In a small frying pan on medium heat, heat butter or olive oil and sauté mushrooms (as many as you like) with about minced garlic until slightly brown (about 5 minutes), stirring frequently. (If you are adding spinach, sauté that in the last minute or 2 with the mushrooms.)
While mushrooms are cooking, add sun-dried tomatoes directly on top of the crust, and use a brush or the back of a spoon to spread oil over whole crust, all the way to the edges. Add as many tomatoes as you like, but keep the oil to a thin coat.
Add several dollops of the ricotta cheese over the surface of the crust, then sprinkle shredded mozzarella all over the pizza in a thick layer. Make sure to cover all of the sun-dried tomatoes with cheese, as they will burn otherwise. Add mushroom mixture on top of the cheeses, then sprinkle with grated parmesan.
Bake for 9 minutes directly on oven rack (or on cookie sheet or pizza stone if you prefer).

The Kaepernick Effect

By Jacklyn Lamphere

            Football season is in full swing for the 2016-2017 year, from traditional Sunday and Monday night football to the newest addition to the NFL organization of Thursday night football. The smell of beer, hotdogs, and fan pride is taking over America again. With that being said, athletes such as football players already have a high expectation of being role models, influential people and representing our country to the rest of the world. Lately the NFL organization has been under a spotlight, not for the new season starting but for another reason.

Some players have decided to protest the national anthem before each game. Of course, I would like to state that every American of this great nation has the constitutional right of freedom of speech and may use that right any time they choose. Colin Kaepernick is an African American, backup quarterback for the San Francisco 49ers. He decided to exercise his constitutional right as an American during his first preseason game against the Green Bay Packers. This was the 49ers third preseason game. However, this is also the first game that Colin started in and really got the attention of the public and got his message across. Little did we know, Kaepernick had already started his protest on the preseason opener against the Texans, and then continued for the Bronco game as well. The reason why his protest went unnoticed is because he was not dressed to play. Kaepernick stated in a press conference interview after the Green Bay game that “I’m not going to stand up to show pride in a flag for a country that oppresses black people and people of color.” After that statement Kaepernick got a lot of cruel criticism from many Americans, fellow athletes, and celebrities. After continuing on with his protest of the anthem, many other athletes have decided to join for the same reasons that Kaepernick stands for. Megan Rapinoe, a USWNT soccer player took a knee during the national anthem because she feels that she understands where Colin is coming from due to the fact that she is a member of the LGBTQ community and feels that she has been oppressed as well.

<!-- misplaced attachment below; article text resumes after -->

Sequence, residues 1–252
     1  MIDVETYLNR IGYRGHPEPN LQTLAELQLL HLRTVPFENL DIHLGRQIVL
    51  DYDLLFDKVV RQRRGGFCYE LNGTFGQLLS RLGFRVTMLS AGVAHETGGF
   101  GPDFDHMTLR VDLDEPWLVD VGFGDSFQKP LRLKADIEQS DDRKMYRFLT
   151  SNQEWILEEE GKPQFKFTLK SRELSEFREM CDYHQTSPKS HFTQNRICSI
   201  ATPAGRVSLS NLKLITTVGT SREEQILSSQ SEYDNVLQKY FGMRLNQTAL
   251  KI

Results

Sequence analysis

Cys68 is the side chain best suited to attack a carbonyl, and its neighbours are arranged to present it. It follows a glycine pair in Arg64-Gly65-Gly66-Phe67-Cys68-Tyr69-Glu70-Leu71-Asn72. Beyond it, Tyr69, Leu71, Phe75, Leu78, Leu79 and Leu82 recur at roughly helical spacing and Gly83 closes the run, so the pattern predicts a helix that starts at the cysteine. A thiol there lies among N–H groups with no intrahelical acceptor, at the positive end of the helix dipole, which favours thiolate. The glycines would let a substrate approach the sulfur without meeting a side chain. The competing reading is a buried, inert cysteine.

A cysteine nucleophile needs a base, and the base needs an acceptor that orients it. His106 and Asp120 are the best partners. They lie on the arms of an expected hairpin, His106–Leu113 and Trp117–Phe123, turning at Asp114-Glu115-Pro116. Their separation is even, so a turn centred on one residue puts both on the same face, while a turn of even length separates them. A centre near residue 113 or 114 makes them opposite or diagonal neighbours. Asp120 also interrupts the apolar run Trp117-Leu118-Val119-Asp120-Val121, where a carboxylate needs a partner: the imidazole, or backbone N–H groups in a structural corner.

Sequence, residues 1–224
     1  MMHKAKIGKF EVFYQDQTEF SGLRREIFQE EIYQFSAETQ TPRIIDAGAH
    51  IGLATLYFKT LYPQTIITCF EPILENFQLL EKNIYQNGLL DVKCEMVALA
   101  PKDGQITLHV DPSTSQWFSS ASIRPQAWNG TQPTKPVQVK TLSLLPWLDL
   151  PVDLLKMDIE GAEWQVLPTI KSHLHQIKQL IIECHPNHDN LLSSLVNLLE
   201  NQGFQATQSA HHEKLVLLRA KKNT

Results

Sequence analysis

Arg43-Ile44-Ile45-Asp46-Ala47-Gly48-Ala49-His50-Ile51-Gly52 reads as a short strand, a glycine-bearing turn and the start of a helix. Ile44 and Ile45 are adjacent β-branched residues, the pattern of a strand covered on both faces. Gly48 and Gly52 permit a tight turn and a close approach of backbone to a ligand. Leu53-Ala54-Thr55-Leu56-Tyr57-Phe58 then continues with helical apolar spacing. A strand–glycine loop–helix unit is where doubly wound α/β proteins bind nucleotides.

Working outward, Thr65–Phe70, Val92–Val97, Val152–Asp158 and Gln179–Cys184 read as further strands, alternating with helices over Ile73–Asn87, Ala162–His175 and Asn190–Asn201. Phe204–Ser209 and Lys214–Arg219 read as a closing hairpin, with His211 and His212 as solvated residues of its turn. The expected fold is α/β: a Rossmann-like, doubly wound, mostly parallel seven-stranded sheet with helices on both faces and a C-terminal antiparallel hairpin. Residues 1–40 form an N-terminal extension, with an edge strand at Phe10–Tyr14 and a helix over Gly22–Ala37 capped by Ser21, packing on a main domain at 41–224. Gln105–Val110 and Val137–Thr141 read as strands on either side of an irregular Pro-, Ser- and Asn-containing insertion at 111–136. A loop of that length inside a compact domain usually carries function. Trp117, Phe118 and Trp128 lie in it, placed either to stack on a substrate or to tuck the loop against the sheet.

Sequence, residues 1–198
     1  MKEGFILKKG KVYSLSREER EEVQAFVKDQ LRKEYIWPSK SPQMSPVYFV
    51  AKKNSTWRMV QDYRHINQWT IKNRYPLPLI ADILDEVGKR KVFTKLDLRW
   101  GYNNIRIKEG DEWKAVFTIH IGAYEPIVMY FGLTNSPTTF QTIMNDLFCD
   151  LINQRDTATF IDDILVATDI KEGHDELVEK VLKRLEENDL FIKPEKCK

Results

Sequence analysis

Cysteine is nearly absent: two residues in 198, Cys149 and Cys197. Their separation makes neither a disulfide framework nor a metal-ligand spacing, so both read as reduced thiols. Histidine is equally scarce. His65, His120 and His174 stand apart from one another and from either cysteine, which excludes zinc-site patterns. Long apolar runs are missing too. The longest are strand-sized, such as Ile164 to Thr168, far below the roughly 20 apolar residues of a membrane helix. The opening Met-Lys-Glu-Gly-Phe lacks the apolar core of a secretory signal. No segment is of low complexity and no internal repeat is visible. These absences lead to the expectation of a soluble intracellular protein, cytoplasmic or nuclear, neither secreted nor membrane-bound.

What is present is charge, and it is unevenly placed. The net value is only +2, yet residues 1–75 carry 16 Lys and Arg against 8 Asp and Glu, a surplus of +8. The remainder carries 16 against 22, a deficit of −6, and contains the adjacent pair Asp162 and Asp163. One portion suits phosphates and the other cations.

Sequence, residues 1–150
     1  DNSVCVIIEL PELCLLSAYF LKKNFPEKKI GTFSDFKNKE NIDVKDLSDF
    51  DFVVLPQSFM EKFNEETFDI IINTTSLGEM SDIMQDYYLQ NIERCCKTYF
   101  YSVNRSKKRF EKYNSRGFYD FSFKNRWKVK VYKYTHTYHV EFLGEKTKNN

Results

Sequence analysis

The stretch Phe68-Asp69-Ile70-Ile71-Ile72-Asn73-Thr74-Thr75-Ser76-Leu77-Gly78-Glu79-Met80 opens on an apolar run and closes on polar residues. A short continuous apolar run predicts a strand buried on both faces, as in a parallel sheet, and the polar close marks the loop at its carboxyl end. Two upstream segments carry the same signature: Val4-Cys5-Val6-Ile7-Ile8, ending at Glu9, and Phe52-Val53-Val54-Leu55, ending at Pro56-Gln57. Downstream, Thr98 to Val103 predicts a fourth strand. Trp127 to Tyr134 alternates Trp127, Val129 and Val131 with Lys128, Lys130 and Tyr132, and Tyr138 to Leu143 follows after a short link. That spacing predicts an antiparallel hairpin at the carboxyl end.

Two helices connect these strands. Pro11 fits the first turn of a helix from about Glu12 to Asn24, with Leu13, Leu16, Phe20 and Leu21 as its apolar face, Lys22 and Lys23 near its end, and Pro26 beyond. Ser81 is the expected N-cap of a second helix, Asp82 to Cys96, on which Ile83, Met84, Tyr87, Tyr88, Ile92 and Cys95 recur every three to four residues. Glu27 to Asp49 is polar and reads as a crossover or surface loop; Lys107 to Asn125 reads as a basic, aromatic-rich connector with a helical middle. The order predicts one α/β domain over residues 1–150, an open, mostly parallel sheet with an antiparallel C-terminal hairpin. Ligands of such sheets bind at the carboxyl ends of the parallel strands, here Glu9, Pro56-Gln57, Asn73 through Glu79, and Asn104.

Earlier this month was the fifteen-year anniversary of the 9/11 terrorist attacks. Mr. Kaepernick decided to exercise his right to kneel but to his surprise there were many other players who decided to protest with him as well. Four Miami Dolphin players all took a knee during the anthem in unison to show their support of Kaepernick’s protest and to try to make a change in our country. Brandon Marshall of the Bronco’s also knelt during the anthem to support Kaepernick and his cause. Marcus Peters, Devin McCourty, and Martellus Bennett decided to raise their right fists during the anthem instead of taking a knee. The Seattle Seahawks all linked arms during the anthem to display some type of unity.

The main point I’m trying to get across is this: Are the actions of these players, using their constitutional right as Americans, being seen as patriotic or not?  Some believe that Colin and other athletes are being even more patriotic for exercising their rights as Americans to protest during the anthem. Others believe that it is a monumental disrespect to the men and women who have given their lives and made the ultimate sacrifice for us, one of the many reasons we have these rights and can use them when we feel it is needed. Colin Kaepernick used his fame and his popularity to his best advantage. He is one of the most known football players today, and his courage to do this protest during the anthem sparked an ember throughout the league and thus the Kaepernick effect was born. Three CI students were kind enough to let me ask their opinion on it. The four of us had a very productive discussion on what is happening and what needs to change in our country. First, we all agreed and discussed that these actions displayed by the players definitely sends a message to our country about the current issues that need to be fixed. Kneeling and raising fists really sends a message to the public and the government that the issue at hand needs to be solved. These athletes are using the perfect platform to exercise their rights as Americans.

Nick Galarza, a very passionate 49ers fan, stated he supported Kaepernick and his actions because he sees the injustices and sees Kaepernick as more of a patriot. He also believes it was a shock to the public, but it was needed. Logan Langston and Zach Forman disagreed with it due to the fact that one has served in the military and the other is a military supporter.

What we all agreed upon is that these players have the right to protest whether anyone likes it or not. We also touched on the fact that there are injustices going on in the country and they need to be addressed. One of the last topics we discussed was coming from a military family background, like myself and many others like me. I was taught that the flag and anthem represents those who have fallen protecting our rights and we remember them during the song and pay them respect for what they have done.  Others see that the flag in a different way.